For how long can South African elites keep misleading the people?
southern africa |
migration / racism |
opinion / analysis
Wednesday August 26, 2015 15:02 by Philip Nyalungu - Personal capacity zacf at riseup dot net
Those in power don’t want to confront the status quo of hatred against immigrants, or South Africa’s imperialist role in the region. They have a narrow set of interests: getting votes, accumulating wealth and power. However, the recent wave of attacks on immigrants and the ruptures of relations with other African countries – especially where South African corporations are operating – have touched the most delicate nerves of the established political powers, who have vowed to advance corporate interests in making profits.
Regardless of who you vote for, these corporations reign above people, along with big politicians and state officials. Whether you are a South African or a “foreign” member of the working class, you remain a threat to these elites. And if you unite, as the masses, against the elites, they get deeply worried. This is not surprising as today South Africa is the most unequal country in the world. When Abahlali baseMjondolo (AbM) activists together with foreign nationals marched against xenophobia in Durban, the police blocked them, telling AbM activists to “stay away from things that do not concern them.” The recent actions by the South African National Defence Force, in occupying areas where the anti-foreigner attacks took place, but targeting foreigners in these raids, is also a tactic to weaken those showing solidarity with victims of xenophobia and those who are critical of ANC government.
Likewise, government officials warning people not to share their views on the attacks and the SANDF response through social media, on the absurd grounds that this inflames attacks, is not simply mediocrity, but deeply disturbing. As when former President Thabo Mbeki said HIV did not cause AIDS, this is another sad day for South Africa.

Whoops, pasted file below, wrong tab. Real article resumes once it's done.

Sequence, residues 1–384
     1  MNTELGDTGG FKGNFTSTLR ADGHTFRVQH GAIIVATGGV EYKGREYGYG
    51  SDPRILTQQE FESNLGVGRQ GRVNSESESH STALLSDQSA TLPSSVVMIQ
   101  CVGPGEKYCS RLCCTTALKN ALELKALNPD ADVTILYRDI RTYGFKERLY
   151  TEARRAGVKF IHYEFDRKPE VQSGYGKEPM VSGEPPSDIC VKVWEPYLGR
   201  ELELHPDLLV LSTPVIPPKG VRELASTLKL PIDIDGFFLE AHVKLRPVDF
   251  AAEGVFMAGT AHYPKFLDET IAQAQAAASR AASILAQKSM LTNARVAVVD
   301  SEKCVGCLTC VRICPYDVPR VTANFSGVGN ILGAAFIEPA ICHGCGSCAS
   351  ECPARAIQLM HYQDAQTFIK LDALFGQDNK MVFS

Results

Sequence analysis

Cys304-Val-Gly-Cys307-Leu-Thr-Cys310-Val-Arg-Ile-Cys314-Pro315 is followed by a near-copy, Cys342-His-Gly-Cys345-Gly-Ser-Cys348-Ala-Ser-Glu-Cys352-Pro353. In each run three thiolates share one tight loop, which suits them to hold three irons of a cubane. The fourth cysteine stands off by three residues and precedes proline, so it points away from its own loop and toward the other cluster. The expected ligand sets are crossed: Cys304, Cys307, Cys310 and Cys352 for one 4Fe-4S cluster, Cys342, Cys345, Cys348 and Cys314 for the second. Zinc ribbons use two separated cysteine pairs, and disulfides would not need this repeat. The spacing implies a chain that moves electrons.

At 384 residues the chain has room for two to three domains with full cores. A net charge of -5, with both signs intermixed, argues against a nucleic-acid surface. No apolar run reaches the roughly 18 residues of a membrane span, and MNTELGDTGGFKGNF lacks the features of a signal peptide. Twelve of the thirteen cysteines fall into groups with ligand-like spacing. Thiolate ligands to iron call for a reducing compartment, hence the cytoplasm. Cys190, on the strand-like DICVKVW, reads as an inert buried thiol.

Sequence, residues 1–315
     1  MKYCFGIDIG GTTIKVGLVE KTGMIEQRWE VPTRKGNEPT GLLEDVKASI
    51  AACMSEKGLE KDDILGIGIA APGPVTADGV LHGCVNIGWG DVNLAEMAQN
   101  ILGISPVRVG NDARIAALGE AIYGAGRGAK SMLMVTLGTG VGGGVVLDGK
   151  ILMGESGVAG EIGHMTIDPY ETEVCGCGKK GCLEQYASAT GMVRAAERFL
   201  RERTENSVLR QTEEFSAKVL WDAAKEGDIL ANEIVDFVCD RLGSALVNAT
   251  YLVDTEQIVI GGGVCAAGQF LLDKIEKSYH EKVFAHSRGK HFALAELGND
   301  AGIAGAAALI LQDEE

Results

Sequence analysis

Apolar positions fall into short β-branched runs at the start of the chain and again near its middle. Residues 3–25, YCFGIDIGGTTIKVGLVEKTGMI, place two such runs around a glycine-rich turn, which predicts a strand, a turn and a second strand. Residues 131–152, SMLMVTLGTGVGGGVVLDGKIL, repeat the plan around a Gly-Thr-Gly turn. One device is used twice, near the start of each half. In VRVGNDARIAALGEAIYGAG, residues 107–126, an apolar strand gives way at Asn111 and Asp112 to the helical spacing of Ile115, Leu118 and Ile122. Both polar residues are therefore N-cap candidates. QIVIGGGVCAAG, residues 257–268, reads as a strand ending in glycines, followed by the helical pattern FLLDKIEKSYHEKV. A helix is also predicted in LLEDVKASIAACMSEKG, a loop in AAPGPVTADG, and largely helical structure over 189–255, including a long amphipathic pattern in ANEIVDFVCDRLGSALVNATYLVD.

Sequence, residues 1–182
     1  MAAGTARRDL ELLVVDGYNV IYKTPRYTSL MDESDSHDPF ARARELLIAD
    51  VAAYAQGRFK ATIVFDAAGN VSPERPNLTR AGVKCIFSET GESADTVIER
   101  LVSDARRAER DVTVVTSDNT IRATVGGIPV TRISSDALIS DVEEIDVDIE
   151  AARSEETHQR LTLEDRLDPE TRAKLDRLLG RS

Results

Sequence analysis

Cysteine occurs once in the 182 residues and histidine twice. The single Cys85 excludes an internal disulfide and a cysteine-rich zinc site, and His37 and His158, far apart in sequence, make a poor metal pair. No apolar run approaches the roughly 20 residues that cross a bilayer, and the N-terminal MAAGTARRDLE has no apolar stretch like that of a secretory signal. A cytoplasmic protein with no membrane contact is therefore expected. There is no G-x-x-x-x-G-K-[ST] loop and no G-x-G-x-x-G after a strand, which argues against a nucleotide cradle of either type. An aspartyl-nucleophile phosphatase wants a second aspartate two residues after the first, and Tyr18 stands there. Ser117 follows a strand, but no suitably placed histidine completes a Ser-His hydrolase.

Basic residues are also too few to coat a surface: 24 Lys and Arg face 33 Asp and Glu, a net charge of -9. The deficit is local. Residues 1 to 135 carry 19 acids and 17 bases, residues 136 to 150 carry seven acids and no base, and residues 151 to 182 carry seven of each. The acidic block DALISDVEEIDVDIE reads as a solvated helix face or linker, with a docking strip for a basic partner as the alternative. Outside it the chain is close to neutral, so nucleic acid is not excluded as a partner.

There needs to be an open process and discussion. The challenge of xenophobia in South Africa is so serious that we need something like a “Truth Commission” where everyone can be given an opportunity to reflect and speak out without fear or favour. Let us be honest about how widespread this hatred is; let us not pretend, like state officials, that the attacks are simply examples of criminal violence. We, as the working class, have to tackle this demon.
I don’t know of any South African who has never come across vicious xenophobic sentiments by fellow South Africans, white and black. These can be heard from parents, relatives, friends, community members, work colleagues, government officials and the public at large. It is not a matter of a few bad apples, but a problem we need to confront as the working class. The politicians will not do this – they blame the problems on criminal elements and secret agendas; not one major politician from the ruling party has even spoken out against the venomous words of the Zulu king, Goodwill Zwelithini, who helped spark the latest attacks with his utterances. They have instead shamelessly and readily gone all out to defend this man – who, since his infamous “pack their bags” speech, has gone on, with the police minister and their fellow brutes, to walk with self-importance and rub salt on the wounds.
But are we as the working class doing any better? The fact is that the same is happening amongst us ordinary South Africans: we don’t confront those who utter such vicious and venomous words, which is a daily occurrence. There are many unreported xenophobic incidents, not just the big outbreaks, but do we act? Not often. About five or six years ago, my Xhosa neighbour in his early 20s, got stabbed and killed in front of his gate by fellow Xhosa young men merely because he was protecting Shangaans! The local ANC leadership didn’t do anything to condemn this cruel act. I can also tell you it was never reported as xenophobia and such incidents are voluminous.
It is like in apartheid, when whites were taught from an early age that blacks are inferior to them: today, black South Africans are taught that foreigners with dark skins, especially those who are poor and from Africa are inferior humans to them. The attacks, in this situation, target black Africans from elsewhere. I am also aware that Pakistanis and other related foreign nationals are being attacked.
The violence and hate must also be seen as deeply shaped by the current economic and political situation in the country. As long as the current grossly evasive ANC-led government, and party politics in general, are not successfully challenged by something serious – a big working class movement and rebellion for real change – South Africa is heading towards disaster. Small movements on university campuses like the “#Cecil John Rhodes statue must fall” initiative fail to address these massive tasks.